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Logo of nihpaAbout Author manuscriptsSubmit a manuscriptHHS Public Access; Author Manuscript; Accepted for publication in peer reviewed journal;
 
Mol Vis. Author manuscript; available in PMC 2010 July 13.
Published in final edited form as:
PMCID: PMC2902965
NIHMSID: NIHMS210866

Factors influencing α-crystallin association with phospholipid vesicles

Abstract

Purpose

Lens lipids undergo a number of changes with age, including an overall increase in phospholipid acyl chain saturation and a decrease in length. In addition, the amount of membrane bound α-crystallin increases dramatically with age and with the onset of cataract. The aim of this study was to determine if a link exists between age and cataract associated changes in lens lipids and the changes in α-crystallin membrane association.

Methods

Protein-free lipid vesicles composed of a wide variety of synthetic and lens-derived lipid vesicles were formed by sonication. These vesicles were used with fluorescent native and recombinant α-crystallin conjugates in vesicle binding assays. Vesicles were collected by centrifugation and bound α-crystallin was quantified with fluorescence intensity measurements.

Results

α-Crystallin complexes showed remarkably similar binding profiles for all lipid vesicles tested, regardless of lipid origin, phospholipid head group, acyl chain length or saturation, and inclusion of cholesterol. In addition, recombinant α-crystallin complexes bind to these vesicles in a manner that is essentially indistinguishable from that of native human and bovine α-crystallins. Unlike α-crystallin binding to lens membranes containing intrinsic proteins, binding of α-crystallin to protein-free vesicles was very high capacity and unsaturable.

Conclusions

We conclude from these data that the binding of α-crystallin to lens membranes is not lipid-specific. Furthermore, protein post-translational changes, such as phosphorylation, do not appear to alter α-crystallin binding to these vesicles. Given the linearity of the binding curves, we propose that the only limiting factor for normal α-crystallin membrane binding is available surface area on the bilayer. Finally, the present data suggests that increased in vivo membrane association of α-crystallin is not a result of lipid changes, but more likely a result of non-lipid factors such as the accumulation of high molecular weight forms of α-crystallin.

α-Crystallin is the major protein of vertebrate lenses. It is found in the water soluble and insoluble fractions of lens fiber cells and can represent up to 50% of the total soluble protein [1,2]. α-Crystallin is a large heteromeric complex containing 30 to 40 copies of two closely related subunits, αA- (αA) and αB-crystallin (αB), in roughly a 3:1 ratio in humans [2]. The αA protein is found exclusively in the lens whereas αB is also found in skeletal muscle, skin, brain, and several other tissues [3,4]. Both subunits are members of the small heat shock protein family and can suppress stress-induced protein aggregation in vitro while conferring heat shock tolerance to mammalian tissue culture cells [57].

The biological function of α-crystallin in the lens is still not completely evident. Its ability to inhibit stress-induced protein aggregation likely represents a prominent role in the maintenance of lens transparency through blocking the formation of protein inclusion bodies, which could scatter light and cause opacification [5]. However, this chaperone-like activity (CLA) is not the only functional capability observed for α-crystallin. It has been shown that α-crystallin can associate with both lens plasma membranes as well as certain types of intermediate filaments, particularly the beaded filament, yet the functional significance of these interactions is not well understood [8].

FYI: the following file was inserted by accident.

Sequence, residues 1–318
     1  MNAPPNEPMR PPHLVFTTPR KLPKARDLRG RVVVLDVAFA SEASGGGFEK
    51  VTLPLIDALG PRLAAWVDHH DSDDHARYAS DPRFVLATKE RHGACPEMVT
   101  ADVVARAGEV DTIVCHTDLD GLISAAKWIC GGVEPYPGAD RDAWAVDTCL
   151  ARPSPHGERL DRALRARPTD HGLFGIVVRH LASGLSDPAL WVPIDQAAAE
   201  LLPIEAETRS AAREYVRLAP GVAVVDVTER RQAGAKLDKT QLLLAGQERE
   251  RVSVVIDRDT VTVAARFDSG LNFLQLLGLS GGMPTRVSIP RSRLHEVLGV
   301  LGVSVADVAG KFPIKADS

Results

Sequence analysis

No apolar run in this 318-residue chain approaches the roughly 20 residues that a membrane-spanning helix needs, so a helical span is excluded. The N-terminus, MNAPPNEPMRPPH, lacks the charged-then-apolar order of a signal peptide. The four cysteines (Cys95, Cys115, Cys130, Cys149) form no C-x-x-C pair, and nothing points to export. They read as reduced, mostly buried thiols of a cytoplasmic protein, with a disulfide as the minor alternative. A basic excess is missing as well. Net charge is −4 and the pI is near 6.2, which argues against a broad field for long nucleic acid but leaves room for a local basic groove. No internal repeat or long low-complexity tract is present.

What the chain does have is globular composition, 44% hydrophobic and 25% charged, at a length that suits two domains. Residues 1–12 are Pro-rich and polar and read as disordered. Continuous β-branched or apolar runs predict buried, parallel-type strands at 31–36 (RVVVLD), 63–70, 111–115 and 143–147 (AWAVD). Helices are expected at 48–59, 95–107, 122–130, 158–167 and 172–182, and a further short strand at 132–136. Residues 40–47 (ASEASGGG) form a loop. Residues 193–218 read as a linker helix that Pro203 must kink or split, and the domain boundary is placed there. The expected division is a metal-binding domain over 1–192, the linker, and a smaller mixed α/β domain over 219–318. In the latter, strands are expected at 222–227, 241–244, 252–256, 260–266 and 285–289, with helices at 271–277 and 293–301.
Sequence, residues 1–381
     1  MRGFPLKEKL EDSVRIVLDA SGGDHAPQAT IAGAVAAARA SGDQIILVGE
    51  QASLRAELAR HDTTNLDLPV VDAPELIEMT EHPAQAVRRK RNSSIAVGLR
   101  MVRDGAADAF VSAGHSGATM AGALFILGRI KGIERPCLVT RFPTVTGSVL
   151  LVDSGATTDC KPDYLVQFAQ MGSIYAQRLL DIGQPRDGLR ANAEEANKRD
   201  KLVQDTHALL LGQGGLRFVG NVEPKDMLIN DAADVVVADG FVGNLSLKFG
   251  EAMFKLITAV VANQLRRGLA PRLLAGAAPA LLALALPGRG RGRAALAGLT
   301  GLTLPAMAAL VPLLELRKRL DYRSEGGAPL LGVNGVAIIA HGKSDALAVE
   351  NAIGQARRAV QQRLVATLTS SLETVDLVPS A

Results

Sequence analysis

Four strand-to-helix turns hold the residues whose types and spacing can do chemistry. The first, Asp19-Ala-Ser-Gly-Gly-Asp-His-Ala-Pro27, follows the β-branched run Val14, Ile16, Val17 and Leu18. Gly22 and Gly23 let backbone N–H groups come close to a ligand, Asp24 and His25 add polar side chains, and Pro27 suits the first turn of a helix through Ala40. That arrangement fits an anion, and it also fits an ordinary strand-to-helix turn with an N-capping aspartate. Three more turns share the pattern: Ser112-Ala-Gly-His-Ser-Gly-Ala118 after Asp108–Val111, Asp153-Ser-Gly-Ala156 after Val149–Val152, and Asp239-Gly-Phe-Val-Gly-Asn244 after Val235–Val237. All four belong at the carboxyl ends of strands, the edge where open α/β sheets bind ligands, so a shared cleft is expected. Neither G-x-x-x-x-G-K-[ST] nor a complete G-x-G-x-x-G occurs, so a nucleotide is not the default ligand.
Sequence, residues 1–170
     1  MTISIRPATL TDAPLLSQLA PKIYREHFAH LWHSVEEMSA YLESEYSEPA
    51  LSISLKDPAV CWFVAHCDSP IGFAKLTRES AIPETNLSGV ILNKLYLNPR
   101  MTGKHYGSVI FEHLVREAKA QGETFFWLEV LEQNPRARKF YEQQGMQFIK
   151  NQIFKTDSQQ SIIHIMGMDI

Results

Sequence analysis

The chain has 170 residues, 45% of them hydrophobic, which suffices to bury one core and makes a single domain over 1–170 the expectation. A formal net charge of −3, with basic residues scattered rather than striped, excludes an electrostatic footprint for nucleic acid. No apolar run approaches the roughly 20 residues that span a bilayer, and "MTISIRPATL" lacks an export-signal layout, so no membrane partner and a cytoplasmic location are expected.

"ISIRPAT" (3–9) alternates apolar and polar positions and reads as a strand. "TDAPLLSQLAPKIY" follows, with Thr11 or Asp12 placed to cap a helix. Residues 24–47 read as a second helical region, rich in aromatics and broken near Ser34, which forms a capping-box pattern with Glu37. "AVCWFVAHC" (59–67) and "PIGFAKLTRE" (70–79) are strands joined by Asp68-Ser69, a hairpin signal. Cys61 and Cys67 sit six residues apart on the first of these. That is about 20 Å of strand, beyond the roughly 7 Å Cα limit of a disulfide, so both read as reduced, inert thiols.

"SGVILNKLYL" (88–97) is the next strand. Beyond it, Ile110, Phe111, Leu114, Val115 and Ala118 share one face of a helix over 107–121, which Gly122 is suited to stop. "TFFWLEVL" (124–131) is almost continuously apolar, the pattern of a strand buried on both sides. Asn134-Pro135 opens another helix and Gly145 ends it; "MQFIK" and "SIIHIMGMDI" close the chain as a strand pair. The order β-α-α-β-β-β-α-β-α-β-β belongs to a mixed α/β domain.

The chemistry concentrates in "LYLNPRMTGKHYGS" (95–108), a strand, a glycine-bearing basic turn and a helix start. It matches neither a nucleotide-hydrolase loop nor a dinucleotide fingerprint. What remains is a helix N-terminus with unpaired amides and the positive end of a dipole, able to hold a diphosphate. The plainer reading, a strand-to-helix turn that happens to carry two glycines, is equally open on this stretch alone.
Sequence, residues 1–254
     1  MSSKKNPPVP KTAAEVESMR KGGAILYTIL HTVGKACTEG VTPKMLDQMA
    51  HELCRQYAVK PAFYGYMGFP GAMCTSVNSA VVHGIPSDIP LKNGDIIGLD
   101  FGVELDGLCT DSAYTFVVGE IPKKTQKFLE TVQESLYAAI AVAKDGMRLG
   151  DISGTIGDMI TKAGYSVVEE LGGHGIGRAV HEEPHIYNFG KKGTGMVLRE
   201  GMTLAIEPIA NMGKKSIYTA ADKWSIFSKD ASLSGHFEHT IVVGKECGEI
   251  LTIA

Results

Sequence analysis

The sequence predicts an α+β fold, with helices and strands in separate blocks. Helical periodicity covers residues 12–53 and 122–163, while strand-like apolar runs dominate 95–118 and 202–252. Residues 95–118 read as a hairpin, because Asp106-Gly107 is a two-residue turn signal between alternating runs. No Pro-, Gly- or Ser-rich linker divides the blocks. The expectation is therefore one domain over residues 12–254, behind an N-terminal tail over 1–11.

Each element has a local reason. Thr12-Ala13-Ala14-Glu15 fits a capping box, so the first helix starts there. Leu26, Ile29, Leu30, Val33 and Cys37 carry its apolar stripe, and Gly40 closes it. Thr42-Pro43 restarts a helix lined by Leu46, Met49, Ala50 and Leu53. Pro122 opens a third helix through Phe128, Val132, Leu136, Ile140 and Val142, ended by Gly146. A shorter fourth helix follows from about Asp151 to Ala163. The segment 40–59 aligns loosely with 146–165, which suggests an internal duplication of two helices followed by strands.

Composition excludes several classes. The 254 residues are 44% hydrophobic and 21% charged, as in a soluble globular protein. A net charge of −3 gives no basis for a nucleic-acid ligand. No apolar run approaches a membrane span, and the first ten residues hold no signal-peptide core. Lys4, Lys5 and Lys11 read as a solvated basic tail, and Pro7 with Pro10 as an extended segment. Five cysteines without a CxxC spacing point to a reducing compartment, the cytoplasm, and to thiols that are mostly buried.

As the lens ages, changes are seen in the distribution of α-crystallin within fiber cells. Soluble α-crystallin is slowly lost to the water insoluble fraction of the lens with age and at the onset of cataract; however, the nature of the water insoluble fraction is not well characterized [1,912]. Water insoluble α-crystallin could be disorganized aggregates of protein and/or filament- or membrane-bound protein. Interestingly, other in vivo studies have shown that the amount of membrane associated crystallin protein, particularly α-crystallin, increases with age and with the onset of cataract, supporting the hypothesis that water insoluble α-crystallin may actually be membrane bound [13,14]. In addition, our recent data on the characterization of the αA R116C congenital cataract mutant supports a model where increased membrane binding may be a critical event in the mechanism of some forms of cataract [15].

The membranes in the lens fiber cells are quite unusual with respect to other cell membranes. They are extremely rich in aquaporin 0, a lens-specific water channel which makes up nearly 50% of the total intrinsic membrane protein in the lens [16]. Other major protein components include gap junctions and cell adhesion molecules [17]. Interestingly, vertebrate lenses have a peculiar lipid composition (Table 1). An estimated 43% of all phospholipids in the lens is 4,5-dihydrosphingomyelin (DH-SPH) [1820]. Prior to 1994, this sphingolipid had never been found in a naturally occurring membrane, and yet it is present at extremely high concentrations in the lens [19]. Sphingomyelin (SPH), phosphatidylcholine (PC), and phosphatidylethanolamine (PE) are also major components of lens plasma membrane, collectively representing nearly 37% of the total phospholipid [20]. Another distinctive characteristic of lens membranes is the extreme cholesterol concentration, which ranges from 30 mol% of total lipid at the outer cortex to nearly 60 mol% in the lens nucleus [21]. It has been proposed that the high levels of cholesterol and sphingolipids contribute directly to light refraction and overall lens transparency [21].